<p>All citation, reuse or distribution of this work must contain somewhere a link back to the URL <ref target="http://cgrn.ulg.ac.be/">http://cgrn.ulg.ac.be/</ref> and the filename, as well as the year of consultation (see “Home” for details of how to cite).</p>
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			<p> <rs type="objectType">Stele</rs> of white marble, broken on the right and reworked below; broken in two pieces; the back of the side is unworked.</p>
			
			<p> <dimensions>
				<height unit="cm">98</height>
				<width unit="cm">28</width>
				<depth unit="cm">8</depth>
			</dimensions></p>
			
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		</supportDesc>
		<layoutDesc><layout>
			<p>The first line is written in larger letters.</p>
			<p> Letters: <height unit="cm">1.4</height> (line 1); <height unit="cm">0.9</height> (lines 2 onwards).</p>
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					<history>
						<origin>
		<p><origDate notBefore="-0125" notAfter="-0075">ca. 125-75 BC</origDate></p>
							
		<p><desc>Justification: lettering (Petzl).</desc></p>
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						<provenance><p><ref target="http://pleiades.stoa.org/places/550822" type="external"><placeName key="Philadelphia" n="Asia_Minor_and_Anatolia">Philadelphia</placeName></ref>, in Lydia. Current location unknown (squeeze and pencil drawing in Vienna).</p>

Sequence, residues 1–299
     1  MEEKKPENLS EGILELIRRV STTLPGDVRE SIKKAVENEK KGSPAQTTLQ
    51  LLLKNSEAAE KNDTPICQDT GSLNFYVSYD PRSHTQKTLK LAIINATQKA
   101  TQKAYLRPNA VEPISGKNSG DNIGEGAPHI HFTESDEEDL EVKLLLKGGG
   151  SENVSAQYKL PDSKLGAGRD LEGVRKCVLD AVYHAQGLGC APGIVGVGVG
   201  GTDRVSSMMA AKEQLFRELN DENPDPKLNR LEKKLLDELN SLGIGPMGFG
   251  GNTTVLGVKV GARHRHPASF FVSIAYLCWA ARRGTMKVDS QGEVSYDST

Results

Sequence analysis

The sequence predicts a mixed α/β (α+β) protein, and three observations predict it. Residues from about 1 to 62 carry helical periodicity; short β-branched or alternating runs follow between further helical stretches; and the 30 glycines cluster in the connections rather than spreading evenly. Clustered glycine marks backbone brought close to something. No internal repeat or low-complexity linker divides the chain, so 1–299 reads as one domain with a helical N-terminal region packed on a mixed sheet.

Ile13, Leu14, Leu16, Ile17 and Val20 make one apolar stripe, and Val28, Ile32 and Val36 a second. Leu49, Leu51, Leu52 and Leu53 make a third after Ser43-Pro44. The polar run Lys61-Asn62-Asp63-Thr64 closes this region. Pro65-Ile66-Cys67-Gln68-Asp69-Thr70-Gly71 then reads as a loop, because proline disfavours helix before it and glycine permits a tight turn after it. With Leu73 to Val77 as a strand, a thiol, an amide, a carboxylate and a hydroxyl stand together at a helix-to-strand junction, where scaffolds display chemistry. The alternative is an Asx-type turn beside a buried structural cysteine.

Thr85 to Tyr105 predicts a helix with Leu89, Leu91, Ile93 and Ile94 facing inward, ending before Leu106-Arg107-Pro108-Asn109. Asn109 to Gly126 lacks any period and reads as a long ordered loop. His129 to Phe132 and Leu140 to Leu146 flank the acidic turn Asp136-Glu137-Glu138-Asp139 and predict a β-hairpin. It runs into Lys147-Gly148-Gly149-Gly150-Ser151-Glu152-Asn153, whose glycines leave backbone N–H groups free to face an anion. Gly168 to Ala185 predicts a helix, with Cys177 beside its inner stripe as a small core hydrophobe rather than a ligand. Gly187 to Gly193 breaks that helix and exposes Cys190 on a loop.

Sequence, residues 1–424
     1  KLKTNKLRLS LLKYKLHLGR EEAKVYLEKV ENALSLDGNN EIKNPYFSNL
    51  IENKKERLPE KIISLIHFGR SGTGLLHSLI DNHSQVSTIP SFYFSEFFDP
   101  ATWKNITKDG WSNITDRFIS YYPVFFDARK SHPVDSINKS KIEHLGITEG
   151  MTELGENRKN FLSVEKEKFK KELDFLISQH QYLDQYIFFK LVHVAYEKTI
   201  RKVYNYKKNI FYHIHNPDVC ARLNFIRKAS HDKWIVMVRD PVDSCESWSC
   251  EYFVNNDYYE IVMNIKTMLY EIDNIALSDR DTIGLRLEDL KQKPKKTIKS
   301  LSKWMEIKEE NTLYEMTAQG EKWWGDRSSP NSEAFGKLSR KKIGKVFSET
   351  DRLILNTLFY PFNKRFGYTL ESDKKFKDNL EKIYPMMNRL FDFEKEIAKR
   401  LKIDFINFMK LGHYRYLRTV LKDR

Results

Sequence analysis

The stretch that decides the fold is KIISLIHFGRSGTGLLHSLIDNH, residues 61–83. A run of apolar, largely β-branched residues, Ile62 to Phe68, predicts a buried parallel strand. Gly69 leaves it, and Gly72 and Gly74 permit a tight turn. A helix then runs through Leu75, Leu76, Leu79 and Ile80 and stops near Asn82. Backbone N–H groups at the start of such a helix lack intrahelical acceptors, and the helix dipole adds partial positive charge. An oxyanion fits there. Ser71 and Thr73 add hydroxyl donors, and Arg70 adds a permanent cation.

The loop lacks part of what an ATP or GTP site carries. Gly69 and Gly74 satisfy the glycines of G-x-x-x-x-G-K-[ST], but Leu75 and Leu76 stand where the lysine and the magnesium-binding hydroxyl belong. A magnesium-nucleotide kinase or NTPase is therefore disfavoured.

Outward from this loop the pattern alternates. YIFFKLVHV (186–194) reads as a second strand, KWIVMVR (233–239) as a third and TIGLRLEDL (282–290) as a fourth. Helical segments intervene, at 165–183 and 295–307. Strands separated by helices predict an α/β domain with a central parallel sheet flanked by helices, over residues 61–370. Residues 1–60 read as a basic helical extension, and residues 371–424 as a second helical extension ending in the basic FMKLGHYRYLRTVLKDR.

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	    		<change>Last revised by XX in 20XX.</change>     
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	    		<div type="bibliography">
	    			<head>Bibliography</head>
	    			
<p> Edition here based on Petzl <bibl type="abbr" n="TAM V.3">TAM V.3</bibl> 1539; in lines 46-47, we restore [ἔ]|σονται (with Sokolowski).</p>
	    		
	    			<p> Other edition:                   
				<bibl type="author_date" n="Keil - von Premerstein 1914">Keil - von Premerstein 1914</bibl>: no. 18, with ph. of squeeze.</p>
	    			
	    			<p> Cf. also:
	    				Sokolowski <bibl type="abbr" n="LSAM">LSAM</bibl> 20; Pleket in <bibl type="abbr" n="SEG">SEG</bibl> 48, 1455.</p>
	    			
	    			<p> Further bibliography: 
	    				<bibl type="author_date" n="Wächter 1910">Wächter 1910</bibl>;
	    				<bibl type="author_date" n="Weinreich 1919">Weinreich 1919</bibl>;
	    				<bibl type="author_date" n="Chaniotis 1997">Chaniotis 1997</bibl>;
	    				<bibl type="author_date" n="Stowers 1998">Stowers 1998</bibl>;
	    				<bibl type="author_date" n="Ogden 2002">Ogden 2002</bibl>: 276-277 no. 279;